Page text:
First published back in September of 1986, the second instalment into the long running ‘Deathlands’ series was somewhat symbolically entitled ‘Red Holocaust’.  The novel was written by Laurence James and was the first addition to the series to go under the house name of James Axler.

DLS Synopsis:
Ryan Cawdor and his small group of hardy militia are transported to another heavily secured redoubt, this time in the heart of Alaska, via the newly discovered Matter Transmitter (‘Mat-Trans’) unit.

Upon arriving in their new surroundings, the group are apprehensively greeted by the only remaining inhabitants of the redoubt – an eccentric old man named Quint (referred to as the Keeper) and his two wives Rachel and Lori.  These three questionable individuals have been living out their days in the safety and comfort of the massive complex which comprises of a gigantic redoubt-cum-stockpile.  Now with the unexpected arrival of their first ever guests, the careful balance of the air in the enclosure has been disturbed, and the many items stored in the complex are finally giving over to decay.

Cawdor is getting restless for the outside world again.  Hiding within a complex away from the real world outside is no life for the likes of the veteran war captain.  When the group discover a museum within the many levels of the complex - a museum that houses every military armament from before the nukes practically destroyed the world - the overseeing eyes of Quint have finally had enough of these new unwanted guests.  The Keeper has his rules...and they must not be broken.

Elsewhere, a band of murderous bandits, collectively known as the Narodniki, led by the unforgiving and twisted leader Uchitel, are making their way across the frozen expanse between the U.S.S.R. and Alaska.  On their travels the group of just less than thirty, rape, murder, plunder, torture and steal from every person and community they encounter.  Their long trek is a forced one, in the knowledge that just days behind them is a much larger and far superior equipment regiment of Russian soldiers, with the sole mission of eradicating the Narodniki.  However, Urchitel has read of the wealth of the Americans.  Here, in this great new land for them, they will surely find the weapons and power they need to wipe out all of their enemies...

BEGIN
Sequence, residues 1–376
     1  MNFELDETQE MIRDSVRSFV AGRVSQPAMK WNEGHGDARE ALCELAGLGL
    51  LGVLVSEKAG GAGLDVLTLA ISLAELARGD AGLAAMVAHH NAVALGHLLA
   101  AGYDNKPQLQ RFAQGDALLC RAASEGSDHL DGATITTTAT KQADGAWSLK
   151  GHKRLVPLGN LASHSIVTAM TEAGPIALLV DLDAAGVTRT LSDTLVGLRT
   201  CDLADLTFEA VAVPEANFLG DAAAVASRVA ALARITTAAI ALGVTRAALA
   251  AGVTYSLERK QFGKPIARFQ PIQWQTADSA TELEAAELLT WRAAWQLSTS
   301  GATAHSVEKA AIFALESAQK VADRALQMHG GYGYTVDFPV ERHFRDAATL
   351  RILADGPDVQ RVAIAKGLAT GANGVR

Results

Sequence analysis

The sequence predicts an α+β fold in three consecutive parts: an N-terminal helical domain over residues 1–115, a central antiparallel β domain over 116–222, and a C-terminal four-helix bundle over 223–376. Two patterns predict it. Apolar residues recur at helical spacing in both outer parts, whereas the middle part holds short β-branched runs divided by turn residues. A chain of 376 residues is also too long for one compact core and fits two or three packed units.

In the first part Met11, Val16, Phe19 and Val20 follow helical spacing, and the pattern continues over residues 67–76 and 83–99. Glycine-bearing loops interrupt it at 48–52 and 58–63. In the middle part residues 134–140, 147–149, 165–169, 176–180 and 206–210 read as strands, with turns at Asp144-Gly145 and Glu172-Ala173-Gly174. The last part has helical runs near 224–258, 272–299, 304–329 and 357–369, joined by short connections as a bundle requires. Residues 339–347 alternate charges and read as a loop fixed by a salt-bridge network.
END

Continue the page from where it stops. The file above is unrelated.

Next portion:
DLS Review:
From the very outset, author Laurence James dives in head first with the edge-of-the-seat action; instantly getting stuck in with the ‘Deathlands’ premise that was so lovingly set down within the first novel.

With the tale jumping between the two storylines (Cawdor in the redoubt and the Narodniki terrorizing everyone they encounter on their journey to America) the pace is kept tight and eventful with the sudden developments brought on within every new chapter.  Indeed, the characterisation of Ryan Cawdor’s band is quietly expanded upon and their individual back stories subtly developed a little further, whilst the tale hurtles along with scenes of savage rape, torture and murder at the hands of the Narodniki.

As well as the lively and thoroughly gripping parallel running storylines, James throws in a few more exciting twists and surprises; namely a demented religious sect that skilfully injects a much needed burst of full-bloodied violent action to the proceedings.

Although no where near as complex or elaborate as the previous novel ‘Deathlands 1: Pilgrimage To Hell’ (1986), this second instalment is certainly a roller-coaster of a ride that not only keeps the reader thoroughly gripped from the outset, but perhaps more importantly at such an early stage of the epic series, further develops upon the characters whilst setting down more of the groundwork for the overall ‘Deathlands’ premise.

The intriguing snippets of mystery that flirt with a multitude of secrets all of which are sure to be revealed later are once again casually thrown around with gay abandonment (as they were in ‘Pilgrimage’).  This cleverly helps to bring about an entertaining veil of intrigue to the many characters as well as the storyline as a whole.

All in all, the novel is an exciting and fast paced early addition to the ‘Deathlands’ series, disclosing further details of the tight band, developing further on the individual characters, and ultimately painting a even more complex and enthralling picture of the bleak new world that is the Deathlands.

The novel runs for a total of 251 pages.

© DLS Reviews

Make a free website with Yola